Extreme intoxication resembling a state of automatism can be used as a defense for violent crime, the Supreme Court of Canada has ruled in three cases involving the use of drugs that led to stabbings, beatings and, in one case, a death.
On Friday the court struck down a federal law from 1995 that blocks the use of the defence. A Liberal government passed the law after the Supreme Court ruled 6-3 in 1994 that a man who had sexually assaulted a woman in a wheelchair had to be allowed to present the defence. Henri Daviault had consumed seven or eight beers and a large bottle of brandy, and his defense argued he was virtually an automaton who did not know what he was doing.
This time, the court was unanimously, saying the fundamental flaw in the federal approach is that it risks wrongful convictions by allowing punishment for involuntary conduct. It said the law violates the Charter of Rights and Freedoms, in its protection of the presumption of innocence, and what it called the principle of fundamental justice that says conduct must be voluntary to be criminalized.
The federal law “enables conviction for conduct that an accused person was not aware of and could not control and therefore cannot be a ‘guilty act’ as defined by the underlying offenses,” Justice Nicholas Kasirer wrote for the court in one of the three cases , that of Matthew Winston Brown of Alberta. “This result follows even where individuals ingest alcohol or drugs in common‑place situations where there is no subjective or objective foresight of automatism or violence.”
He added that the law “undermines many of the core beliefs used to structure our system of criminal law. It is difficult to imagine more serious limitations than the denial of voluntariness, mens rea [intent]and the presumption of innocence all in one.”
The court stressed that its ruling has no impact on the rule that intoxication – short of a state that resembles automatism – is no defense for violent crime. It also expressed doubt that alcohol use can lead to automatism but did not close off the possibility of using the defense if the facts justify it.
And it said Parliament, which had sought to protect women and children in particular from violence linked to substance use, can still legislate in the area. For instance, it said, Parliament could create a standalone offense of criminal intoxication or hold people criminally responsible for violent actions based on a criminal negligence standard that their loss of control and the harm to others were reasonably foreseeable at the time of intoxication.
The court was ruling Friday in two cases from Ontario and the one from Alberta.
In one of the Ontario cases, David Sullivan tried to kill himself by taking 30 to 80 Wellbutrin pills, an antidepressant. He then began talking about aliens and stabbed his mother with two knives, stopping only when she cried, “David, I’m your mother.” She survived but died of other causes before his trial. A judge said his actions were involuntary but convicted him of aggravated assault and sentenced him to five years in prison.
In the second Ontario case, 19-year-old Thomas Chan used magic mushrooms with friends. Previously, it had been uneventful and pleasant, but on this occasion, unable to get high on a small amount, he used more. He then went to his father’s home, shouted, “I am God,” climbed through a window – even though he had fingerprint entry on a home security system – and stabbed his father to death, then severely wounded his father’s partner. A judge accepted that he did not know what he was doing but convicted him because the defense of self-induced automatism was barred. He, too, was sentenced to five years in prison.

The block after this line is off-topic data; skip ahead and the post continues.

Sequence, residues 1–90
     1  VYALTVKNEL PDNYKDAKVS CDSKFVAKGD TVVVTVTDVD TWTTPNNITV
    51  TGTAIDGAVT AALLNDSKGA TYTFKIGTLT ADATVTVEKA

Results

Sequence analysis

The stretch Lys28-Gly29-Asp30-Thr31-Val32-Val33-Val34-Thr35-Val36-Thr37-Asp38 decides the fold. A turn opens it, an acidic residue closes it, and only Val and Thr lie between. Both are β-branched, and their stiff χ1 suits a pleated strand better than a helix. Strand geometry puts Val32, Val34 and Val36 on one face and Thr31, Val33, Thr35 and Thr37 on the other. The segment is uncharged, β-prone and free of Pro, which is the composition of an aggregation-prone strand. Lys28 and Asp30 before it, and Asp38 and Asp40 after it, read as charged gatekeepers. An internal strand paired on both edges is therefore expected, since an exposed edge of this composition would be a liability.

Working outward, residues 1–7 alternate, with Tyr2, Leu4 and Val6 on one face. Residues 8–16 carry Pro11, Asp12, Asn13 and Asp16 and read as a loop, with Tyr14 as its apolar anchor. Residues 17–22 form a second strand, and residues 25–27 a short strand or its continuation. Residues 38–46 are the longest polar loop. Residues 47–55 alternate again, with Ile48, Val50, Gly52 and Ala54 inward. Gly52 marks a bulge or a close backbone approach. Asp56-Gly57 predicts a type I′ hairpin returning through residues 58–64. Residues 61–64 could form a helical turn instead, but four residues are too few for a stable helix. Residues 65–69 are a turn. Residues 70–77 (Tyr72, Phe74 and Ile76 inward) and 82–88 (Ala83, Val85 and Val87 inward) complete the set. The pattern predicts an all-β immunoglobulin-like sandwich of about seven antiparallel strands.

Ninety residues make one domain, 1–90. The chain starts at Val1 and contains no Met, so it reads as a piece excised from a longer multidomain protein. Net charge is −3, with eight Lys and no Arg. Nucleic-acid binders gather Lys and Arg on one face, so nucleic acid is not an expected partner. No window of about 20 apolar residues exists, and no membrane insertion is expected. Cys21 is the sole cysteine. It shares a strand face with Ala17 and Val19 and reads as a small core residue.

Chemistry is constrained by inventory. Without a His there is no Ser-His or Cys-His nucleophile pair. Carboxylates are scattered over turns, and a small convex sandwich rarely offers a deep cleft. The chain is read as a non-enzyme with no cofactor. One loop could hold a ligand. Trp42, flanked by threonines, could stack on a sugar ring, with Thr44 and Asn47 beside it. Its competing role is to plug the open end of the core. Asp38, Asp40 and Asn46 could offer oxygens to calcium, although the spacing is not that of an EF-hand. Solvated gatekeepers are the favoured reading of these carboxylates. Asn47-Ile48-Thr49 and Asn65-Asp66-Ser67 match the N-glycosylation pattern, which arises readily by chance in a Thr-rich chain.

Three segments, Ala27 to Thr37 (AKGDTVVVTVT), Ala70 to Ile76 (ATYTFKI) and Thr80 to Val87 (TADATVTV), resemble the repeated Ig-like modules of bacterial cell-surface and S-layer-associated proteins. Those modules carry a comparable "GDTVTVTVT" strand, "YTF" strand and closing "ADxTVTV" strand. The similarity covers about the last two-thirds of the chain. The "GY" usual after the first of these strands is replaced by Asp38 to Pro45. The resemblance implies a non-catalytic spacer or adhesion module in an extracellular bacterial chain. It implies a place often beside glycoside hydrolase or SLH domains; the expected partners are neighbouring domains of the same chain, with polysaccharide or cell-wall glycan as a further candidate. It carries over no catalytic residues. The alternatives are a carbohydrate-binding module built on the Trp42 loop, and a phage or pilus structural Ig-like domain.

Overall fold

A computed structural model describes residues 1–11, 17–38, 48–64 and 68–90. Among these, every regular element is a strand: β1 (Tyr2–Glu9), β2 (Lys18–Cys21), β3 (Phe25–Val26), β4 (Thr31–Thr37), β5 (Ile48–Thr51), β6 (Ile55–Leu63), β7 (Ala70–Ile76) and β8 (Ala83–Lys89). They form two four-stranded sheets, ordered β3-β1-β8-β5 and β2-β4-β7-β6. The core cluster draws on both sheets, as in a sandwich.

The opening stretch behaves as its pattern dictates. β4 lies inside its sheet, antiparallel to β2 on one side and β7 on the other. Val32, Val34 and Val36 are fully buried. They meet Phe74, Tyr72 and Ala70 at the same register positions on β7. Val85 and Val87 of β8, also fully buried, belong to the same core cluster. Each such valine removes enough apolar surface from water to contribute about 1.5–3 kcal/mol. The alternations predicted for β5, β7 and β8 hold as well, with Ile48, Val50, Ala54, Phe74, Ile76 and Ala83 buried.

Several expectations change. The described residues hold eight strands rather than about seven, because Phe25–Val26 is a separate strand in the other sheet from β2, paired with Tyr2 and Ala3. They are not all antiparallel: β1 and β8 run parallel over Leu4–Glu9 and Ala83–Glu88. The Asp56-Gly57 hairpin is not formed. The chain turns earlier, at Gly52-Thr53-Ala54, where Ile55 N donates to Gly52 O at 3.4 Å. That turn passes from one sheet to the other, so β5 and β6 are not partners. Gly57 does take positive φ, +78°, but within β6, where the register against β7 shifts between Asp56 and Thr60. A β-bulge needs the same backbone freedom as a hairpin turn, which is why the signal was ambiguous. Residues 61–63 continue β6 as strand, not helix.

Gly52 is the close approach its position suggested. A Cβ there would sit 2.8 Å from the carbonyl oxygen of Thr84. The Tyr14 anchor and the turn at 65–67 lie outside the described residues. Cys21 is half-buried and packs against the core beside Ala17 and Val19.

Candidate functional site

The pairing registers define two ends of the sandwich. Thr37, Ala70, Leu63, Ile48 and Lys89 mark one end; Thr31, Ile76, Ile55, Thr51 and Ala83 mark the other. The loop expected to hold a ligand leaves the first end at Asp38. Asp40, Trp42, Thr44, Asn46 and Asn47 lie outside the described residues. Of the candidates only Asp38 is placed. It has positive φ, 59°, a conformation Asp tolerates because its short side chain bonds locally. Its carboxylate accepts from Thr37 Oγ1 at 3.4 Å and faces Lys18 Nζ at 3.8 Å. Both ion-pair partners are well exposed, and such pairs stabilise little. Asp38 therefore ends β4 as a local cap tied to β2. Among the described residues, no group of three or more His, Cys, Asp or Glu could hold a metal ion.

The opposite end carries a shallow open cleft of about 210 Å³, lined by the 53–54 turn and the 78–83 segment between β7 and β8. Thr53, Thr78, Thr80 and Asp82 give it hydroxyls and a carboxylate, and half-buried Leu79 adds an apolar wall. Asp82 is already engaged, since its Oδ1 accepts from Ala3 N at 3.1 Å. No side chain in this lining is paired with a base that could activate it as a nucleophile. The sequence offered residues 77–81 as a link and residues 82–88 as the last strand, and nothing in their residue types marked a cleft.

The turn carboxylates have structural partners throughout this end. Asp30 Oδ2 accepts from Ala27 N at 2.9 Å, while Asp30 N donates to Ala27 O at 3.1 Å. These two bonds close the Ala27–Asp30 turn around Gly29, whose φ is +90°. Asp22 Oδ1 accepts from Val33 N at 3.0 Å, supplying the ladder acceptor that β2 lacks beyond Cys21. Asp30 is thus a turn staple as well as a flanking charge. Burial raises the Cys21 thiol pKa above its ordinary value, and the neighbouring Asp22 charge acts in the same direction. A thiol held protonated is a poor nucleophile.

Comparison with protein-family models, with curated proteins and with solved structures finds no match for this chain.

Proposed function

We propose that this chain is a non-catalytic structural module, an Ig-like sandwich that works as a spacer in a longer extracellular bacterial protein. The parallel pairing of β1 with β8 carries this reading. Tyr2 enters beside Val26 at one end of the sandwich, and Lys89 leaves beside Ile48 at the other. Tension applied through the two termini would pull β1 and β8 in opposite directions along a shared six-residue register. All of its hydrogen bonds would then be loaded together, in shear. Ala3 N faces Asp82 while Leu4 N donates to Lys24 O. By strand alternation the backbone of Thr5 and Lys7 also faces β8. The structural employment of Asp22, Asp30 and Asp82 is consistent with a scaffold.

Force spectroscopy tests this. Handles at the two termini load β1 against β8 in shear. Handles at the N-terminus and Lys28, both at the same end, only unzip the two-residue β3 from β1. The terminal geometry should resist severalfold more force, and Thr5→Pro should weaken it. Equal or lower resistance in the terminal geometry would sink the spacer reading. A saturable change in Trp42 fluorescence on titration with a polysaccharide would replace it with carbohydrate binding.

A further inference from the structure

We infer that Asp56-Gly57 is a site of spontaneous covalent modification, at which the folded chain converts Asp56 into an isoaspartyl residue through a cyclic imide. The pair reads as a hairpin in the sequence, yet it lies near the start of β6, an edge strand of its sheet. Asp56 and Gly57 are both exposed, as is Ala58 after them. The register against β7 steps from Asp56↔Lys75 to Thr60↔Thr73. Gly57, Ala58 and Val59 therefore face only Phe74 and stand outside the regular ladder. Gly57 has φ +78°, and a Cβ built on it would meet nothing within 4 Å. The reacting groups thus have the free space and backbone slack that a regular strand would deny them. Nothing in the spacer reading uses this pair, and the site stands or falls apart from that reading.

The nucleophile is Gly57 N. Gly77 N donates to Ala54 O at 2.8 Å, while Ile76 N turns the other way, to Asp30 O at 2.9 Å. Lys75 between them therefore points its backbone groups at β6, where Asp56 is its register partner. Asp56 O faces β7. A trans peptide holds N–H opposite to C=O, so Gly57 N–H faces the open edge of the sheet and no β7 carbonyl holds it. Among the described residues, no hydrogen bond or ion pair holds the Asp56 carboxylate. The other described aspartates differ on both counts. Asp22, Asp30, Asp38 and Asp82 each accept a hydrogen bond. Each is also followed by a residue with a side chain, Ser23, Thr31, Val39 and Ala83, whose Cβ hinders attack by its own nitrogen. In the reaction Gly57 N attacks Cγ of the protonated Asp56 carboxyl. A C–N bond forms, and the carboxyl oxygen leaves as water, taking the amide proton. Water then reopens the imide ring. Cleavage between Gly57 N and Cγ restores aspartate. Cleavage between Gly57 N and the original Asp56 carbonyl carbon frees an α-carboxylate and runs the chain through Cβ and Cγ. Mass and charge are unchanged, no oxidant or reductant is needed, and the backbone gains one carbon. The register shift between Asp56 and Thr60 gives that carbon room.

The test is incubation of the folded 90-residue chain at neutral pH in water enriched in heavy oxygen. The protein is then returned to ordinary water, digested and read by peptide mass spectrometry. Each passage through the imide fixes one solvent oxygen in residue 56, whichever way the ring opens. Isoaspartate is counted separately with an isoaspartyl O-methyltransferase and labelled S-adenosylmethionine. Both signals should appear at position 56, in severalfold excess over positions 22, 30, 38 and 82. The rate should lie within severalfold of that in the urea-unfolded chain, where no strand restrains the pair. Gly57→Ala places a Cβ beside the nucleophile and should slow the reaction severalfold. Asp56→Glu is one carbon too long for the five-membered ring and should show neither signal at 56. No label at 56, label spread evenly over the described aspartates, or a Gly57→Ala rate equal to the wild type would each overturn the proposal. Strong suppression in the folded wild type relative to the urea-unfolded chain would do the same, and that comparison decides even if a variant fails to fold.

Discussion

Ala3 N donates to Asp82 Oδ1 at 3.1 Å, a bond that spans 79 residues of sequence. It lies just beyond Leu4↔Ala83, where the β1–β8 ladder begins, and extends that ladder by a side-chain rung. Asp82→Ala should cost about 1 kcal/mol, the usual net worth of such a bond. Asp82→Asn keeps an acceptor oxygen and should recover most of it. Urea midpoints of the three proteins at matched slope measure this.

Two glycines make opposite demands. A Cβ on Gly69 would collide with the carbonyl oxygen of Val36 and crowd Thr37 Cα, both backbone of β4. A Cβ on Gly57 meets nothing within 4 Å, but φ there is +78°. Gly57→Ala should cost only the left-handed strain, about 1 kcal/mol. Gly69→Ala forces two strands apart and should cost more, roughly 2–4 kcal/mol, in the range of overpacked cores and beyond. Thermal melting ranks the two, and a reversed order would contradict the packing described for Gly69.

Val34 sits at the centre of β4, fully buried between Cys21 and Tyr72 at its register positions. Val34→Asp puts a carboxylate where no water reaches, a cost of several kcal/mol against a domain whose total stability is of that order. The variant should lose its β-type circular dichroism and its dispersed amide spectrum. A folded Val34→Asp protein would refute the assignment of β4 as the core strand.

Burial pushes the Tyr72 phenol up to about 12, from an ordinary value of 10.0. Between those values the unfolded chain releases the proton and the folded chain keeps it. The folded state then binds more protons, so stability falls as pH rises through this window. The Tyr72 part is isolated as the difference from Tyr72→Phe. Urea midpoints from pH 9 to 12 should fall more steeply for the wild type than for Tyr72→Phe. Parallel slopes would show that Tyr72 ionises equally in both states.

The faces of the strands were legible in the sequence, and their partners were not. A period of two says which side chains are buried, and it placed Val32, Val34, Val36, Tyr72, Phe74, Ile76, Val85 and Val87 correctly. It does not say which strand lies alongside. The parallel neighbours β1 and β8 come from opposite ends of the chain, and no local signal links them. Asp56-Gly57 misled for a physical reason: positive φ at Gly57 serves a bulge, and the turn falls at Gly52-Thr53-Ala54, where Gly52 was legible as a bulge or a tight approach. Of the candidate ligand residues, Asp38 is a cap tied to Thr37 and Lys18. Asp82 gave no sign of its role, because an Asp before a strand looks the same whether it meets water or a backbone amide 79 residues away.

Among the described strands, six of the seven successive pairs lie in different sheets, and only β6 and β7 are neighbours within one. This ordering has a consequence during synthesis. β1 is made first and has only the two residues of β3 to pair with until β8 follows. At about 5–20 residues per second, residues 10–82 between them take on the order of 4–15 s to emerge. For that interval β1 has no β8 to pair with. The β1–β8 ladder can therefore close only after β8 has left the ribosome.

The Ontario Court of Appeal threw out both those convictions, saying the Charter of Rights and Freedoms protects the “morally innocent” from being punished as criminals.
In the Alberta case, Mr. Brown, a 27-year-old, used alcohol and magic mushrooms and at 3:45 in the morning went outside naked in winter, broke into two strangers’ homes and assaulted a woman, leaving her hand permanently disabled. A trial judge found him to have been in a state of automatism and declared the ban on the defense unconstitutional. He was acquired. The Alberta Court of Appeal threw out the acquittal, upheld the ban and convicted him of aggravated assault.
Justice Kasirer said Mr. Brown “might well be reproached for choosing to drink alcohol and ingest magic mushrooms … but that cannot blame ground criminal liability for the aggravated assault that occurred while he was in a state of delirium akin to automatism.”
At the Supreme Court’s hearing on the Sullivan and Chan cases, Justice Michael Moldaver likened self-induced intoxication to the dangers of picking up a gun. An Ontario prosecutor argued that the law aims to protect victims, especially women and children, and hold people accountable. The prosecutor said the law sends a clear message that anyone who uses hallucinogenic drugs such as crystal meth, or even drinks excessively, will be held criminally liable for any crimes they commit.
The Women’s Legal Education and Action Fund, intervening at the hearing, stressed that the Charter protects not just accused persons but victims, including the rights of women and children to equality, dignity and security. Several provinces also intervened, as did criminal-lawyers’ groups and civil libertarians.
The Supreme Court ordered a new trial for Mr. Chan and acquittals for Mr. Sullivan and Mr. Brown.